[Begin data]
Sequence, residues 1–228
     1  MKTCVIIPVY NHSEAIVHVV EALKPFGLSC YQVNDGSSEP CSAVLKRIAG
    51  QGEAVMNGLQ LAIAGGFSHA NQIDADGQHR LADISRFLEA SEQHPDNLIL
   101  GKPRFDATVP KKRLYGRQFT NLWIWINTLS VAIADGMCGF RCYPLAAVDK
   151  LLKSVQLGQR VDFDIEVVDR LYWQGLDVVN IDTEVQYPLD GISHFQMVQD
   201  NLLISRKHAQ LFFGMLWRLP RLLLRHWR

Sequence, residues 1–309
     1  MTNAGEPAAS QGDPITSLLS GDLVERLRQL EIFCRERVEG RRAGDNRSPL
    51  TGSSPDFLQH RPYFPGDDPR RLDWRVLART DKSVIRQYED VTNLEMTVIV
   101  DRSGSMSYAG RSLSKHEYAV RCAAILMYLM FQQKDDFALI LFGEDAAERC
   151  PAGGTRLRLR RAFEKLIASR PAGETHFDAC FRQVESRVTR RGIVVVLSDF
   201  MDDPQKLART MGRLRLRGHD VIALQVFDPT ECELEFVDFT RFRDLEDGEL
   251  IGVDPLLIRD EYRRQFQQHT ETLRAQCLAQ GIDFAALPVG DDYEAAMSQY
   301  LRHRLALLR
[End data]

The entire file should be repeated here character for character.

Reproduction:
Sequence, residues 1–228
     1  MKTCVIIPVY NHSEAIVHVV EALKPFGLSC YQVNDGSSEP CSAVLKRIAG
    51  QGEAVMNGLQ LAIAGGFSHA NQIDADGQHR LADISRFLEA SEQHPDNLIL
   101  GKPRFDATVP KKRLYGRQFT NLWIWINTLS VAIADGMCGF RCYPLAAVDK
   151  LLKSVQLGQR VDFDIEVVDR LYWQGLDVVN IDTEVQYPLD GISHFQMVQD
   201  NLLISRKHAQ LFFGMLWRLP RLLLRHWR

Sequence, residues 1–309
     1  MTNAGEPAAS QGDPITSLLS GDLVERLRQL EIFCRERVEG RRAGDNRSPL
    51  TGSSPDFLQH RPYFPGDDPR RLDWRVLART DKSVIRQYED VTNLEMTVIV
   101  DRSGSMSYAG RSLSKHEYAV RCAAILMYLM FQQKDDFALI LFGEDAAERC
   151  PAGGTRLRLR RAFEKLIASR PAGETHFDAC FRQVESRVTR RGIVVVLSDF
   201  MDDPQKLART MGRLRLRGHD VIALQVFDPT ECELEFVDFT RFRDLEDGEL
   251  IGVDPLLIRD EYRRQFQQHT ETLRAQCLAQ GIDFAALPVG DDYEAAMSQY
   301  LRHRLALLR